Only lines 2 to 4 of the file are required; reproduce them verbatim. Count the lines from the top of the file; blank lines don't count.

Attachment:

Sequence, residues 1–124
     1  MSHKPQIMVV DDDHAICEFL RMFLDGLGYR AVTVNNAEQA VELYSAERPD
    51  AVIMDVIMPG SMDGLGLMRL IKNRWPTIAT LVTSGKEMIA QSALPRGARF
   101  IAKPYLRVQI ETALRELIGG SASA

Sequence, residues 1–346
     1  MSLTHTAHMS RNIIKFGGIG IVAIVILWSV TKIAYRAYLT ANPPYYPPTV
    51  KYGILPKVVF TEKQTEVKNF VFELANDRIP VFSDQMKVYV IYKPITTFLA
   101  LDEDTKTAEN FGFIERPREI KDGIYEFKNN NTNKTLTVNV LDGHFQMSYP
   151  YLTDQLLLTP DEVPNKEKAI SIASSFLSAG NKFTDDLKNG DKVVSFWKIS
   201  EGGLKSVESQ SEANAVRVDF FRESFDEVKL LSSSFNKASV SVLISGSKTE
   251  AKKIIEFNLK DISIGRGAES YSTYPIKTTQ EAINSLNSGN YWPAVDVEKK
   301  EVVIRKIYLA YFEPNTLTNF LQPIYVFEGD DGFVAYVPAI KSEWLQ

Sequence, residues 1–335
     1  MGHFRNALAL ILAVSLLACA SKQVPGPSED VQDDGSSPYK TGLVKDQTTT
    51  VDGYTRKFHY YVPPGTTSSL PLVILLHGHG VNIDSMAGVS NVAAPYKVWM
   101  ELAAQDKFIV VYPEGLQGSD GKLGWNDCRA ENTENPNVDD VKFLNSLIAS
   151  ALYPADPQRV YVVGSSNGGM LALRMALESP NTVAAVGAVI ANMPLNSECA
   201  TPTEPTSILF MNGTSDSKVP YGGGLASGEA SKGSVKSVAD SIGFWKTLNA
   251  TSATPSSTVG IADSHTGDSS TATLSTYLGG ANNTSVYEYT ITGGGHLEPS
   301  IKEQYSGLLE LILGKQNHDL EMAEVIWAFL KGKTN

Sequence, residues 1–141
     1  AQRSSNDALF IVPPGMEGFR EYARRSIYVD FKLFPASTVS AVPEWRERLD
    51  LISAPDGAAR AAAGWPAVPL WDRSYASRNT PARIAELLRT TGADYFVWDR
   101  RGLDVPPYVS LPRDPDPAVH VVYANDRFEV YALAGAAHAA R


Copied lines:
     1  MSHKPQIMVV DDDHAICEFL RMFLDGLGYR AVTVNNAEQA VELYSAERPD
    51  AVIMDVIMPG SMDGLGLMRL IKNRWPTIAT LVTSGKEMIA QSALPRGARF
   101  IAKPYLRVQI ETALRELIGG SASA